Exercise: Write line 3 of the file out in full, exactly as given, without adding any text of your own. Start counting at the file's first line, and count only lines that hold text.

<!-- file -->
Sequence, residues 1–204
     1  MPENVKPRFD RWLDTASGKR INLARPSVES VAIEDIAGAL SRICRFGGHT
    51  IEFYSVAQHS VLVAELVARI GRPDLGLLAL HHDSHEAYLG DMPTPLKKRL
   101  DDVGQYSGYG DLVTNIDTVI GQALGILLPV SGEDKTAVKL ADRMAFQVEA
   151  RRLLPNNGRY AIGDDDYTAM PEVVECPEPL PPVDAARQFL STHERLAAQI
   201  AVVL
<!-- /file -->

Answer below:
    51  IEFYSVAQHS VLVAELVARI GRPDLGLLAL HHDSHEAYLG DMPTPLKKRL